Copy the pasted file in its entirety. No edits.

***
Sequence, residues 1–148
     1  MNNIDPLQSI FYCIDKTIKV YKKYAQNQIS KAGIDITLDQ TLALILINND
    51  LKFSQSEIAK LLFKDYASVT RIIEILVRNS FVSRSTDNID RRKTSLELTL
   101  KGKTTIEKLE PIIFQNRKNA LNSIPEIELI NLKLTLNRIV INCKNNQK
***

Sequence, residues 1–148
     1  MNNIDPLQSI FYCIDKTIKV YKKYAQNQIS KAGIDITLDQ TLALILINND
    51  LKFSQSEIAK LLFKDYASVT RIIEILVRNS FVSRSTDNID RRKTSLELTL
   101  KGKTTIEKLE PIIFQNRKNA LNSIPEIELI NLKLTLNRIV INCKNNQK